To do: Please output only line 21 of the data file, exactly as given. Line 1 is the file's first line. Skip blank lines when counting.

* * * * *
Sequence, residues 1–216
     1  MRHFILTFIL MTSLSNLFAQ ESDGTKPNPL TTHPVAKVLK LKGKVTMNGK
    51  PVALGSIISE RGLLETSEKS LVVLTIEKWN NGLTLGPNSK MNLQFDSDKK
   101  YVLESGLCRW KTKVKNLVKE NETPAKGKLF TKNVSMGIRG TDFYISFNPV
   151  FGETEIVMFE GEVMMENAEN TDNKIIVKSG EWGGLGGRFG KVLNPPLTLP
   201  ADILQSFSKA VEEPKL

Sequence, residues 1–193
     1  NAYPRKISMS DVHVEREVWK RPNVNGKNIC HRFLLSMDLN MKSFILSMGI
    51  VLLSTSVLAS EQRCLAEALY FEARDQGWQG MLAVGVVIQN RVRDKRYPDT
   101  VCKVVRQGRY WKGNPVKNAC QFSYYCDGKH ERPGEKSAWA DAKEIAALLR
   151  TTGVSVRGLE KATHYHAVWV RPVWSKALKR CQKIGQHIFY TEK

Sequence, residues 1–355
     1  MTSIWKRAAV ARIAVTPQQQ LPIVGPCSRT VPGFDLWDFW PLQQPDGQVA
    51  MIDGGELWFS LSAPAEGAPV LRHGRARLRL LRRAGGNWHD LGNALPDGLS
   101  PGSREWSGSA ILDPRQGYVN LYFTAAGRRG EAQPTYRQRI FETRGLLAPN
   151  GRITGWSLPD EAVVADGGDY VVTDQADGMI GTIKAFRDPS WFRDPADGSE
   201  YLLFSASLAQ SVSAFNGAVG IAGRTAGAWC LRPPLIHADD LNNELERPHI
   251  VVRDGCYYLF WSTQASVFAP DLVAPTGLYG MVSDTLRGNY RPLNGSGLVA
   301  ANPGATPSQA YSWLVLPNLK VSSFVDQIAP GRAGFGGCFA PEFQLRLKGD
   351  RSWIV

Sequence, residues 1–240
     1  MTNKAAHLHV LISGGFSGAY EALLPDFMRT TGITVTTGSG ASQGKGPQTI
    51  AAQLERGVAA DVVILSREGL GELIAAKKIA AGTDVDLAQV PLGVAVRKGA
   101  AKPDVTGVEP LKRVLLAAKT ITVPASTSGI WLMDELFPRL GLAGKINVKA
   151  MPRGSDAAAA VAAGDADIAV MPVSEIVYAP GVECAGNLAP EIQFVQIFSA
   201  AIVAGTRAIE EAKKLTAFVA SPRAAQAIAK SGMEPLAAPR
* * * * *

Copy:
Sequence, residues 1–240